unobserved values of a random process considered the cause of spatial distribution of observed points. Spatial continuity is estimated weighting the influences of data points by their statistical distance instead of their geometric distance from one another. Kriging can be expected to consistently replicate data at the observation locations, but the resulting surface has greater continuity than reality because of the smoothing effect of the process (Davis et al. 1994). Kriging overcomes many of the shortcomings of the traditional methods of interpolation. The kriging weights are determined by the spatial structure existing on data points (the variogram). It is an optimal interpolator in the sense that the estimates are unbiased and have known minimum variances. Since the estimation variances can be determined and mapped like the estimates, and assuming a particular distribution, we can calculate the confidence we can place in the estimates. (Oliver and Webster 1990) In Archaeology we can use this last method to analyze a series of settlement locations in a region or the localisation of some intrasite activity areas within the settlement. In contrast with the geological method, we are not interested in calculating the value of empty zones (locations without archaeological remains) (Voiron Canicio 1986). The method allows the discovery of spatial structures between recorded locations, determining the existence of sub-spaces and their limits. It is also a means of comparison of different spaces in different periods of time: if sub-spaces have had allways the same structures, boundaries and components. Kriging is then a method to analyse the patterning existing in our spatial data, discovering all differences and discontinuities and ordering them by their relevance.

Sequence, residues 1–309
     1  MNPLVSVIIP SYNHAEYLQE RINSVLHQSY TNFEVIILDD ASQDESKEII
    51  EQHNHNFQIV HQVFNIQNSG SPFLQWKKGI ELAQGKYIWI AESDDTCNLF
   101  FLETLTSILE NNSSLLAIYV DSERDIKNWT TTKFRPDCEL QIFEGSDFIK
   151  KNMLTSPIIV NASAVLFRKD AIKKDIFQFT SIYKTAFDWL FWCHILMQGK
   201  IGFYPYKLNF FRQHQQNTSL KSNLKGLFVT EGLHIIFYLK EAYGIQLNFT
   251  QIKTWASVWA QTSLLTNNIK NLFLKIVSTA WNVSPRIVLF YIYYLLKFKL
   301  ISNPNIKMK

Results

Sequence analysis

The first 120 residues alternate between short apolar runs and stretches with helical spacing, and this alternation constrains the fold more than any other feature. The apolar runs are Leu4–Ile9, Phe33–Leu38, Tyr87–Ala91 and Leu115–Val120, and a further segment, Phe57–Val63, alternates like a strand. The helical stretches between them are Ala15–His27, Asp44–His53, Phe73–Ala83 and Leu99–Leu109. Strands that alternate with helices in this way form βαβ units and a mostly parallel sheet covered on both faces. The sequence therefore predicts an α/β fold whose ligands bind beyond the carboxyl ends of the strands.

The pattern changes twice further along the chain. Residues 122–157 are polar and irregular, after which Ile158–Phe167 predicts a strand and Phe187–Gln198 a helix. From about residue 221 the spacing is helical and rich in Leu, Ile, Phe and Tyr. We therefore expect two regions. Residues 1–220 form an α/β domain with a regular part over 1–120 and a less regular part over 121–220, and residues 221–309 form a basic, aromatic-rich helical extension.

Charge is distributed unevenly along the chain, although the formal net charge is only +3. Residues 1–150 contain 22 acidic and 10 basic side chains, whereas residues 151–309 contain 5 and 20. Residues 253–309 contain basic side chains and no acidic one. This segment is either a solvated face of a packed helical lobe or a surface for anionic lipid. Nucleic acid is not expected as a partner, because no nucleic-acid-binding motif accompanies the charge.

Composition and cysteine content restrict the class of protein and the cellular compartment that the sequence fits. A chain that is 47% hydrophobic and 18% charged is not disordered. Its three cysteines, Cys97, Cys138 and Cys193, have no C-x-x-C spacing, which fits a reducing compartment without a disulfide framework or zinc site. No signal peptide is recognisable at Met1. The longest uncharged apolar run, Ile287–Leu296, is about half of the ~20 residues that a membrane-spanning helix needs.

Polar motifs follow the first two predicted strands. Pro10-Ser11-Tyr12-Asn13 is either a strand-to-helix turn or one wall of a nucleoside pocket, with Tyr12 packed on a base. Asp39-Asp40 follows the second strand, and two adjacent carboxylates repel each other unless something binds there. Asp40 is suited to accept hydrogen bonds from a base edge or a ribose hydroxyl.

3.4. OTHER DISTANCE MEASURES BETWEEN SOCIAL ACTIVITY AREAS Our task is to explain the discontinuities measured on the spatial dependency model according with the differences in social action documented for each area or location. This can be done allocating each location in the archaeological or the geographical layer to an area in the social space structure layer. This allocation can be done by a neural network, whose objective is to create a non-linear rule able to assign a classificatory label to some clusters of data. (Chen et al. 1995, Foody et al., 1995). Neural Network generalization is far better than classical statistical prediction methods because it is possible to take into account data errors and different measurement scales. They also make weaker assumptions about the statistics of the input data than a parametric Bayes classifier; and they are capable of forming highly nonlinear